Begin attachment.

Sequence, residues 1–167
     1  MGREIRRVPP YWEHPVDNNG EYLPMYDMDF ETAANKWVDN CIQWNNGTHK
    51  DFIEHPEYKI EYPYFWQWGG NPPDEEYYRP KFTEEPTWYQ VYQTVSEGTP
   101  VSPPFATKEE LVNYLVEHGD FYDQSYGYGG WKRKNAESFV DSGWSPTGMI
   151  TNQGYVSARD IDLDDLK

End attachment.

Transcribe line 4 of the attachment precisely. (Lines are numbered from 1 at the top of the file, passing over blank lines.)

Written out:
   101  VSPPFATKEE LVNYLVEHGD FYDQSYGYGG WKRKNAESFV DSGWSPTGMI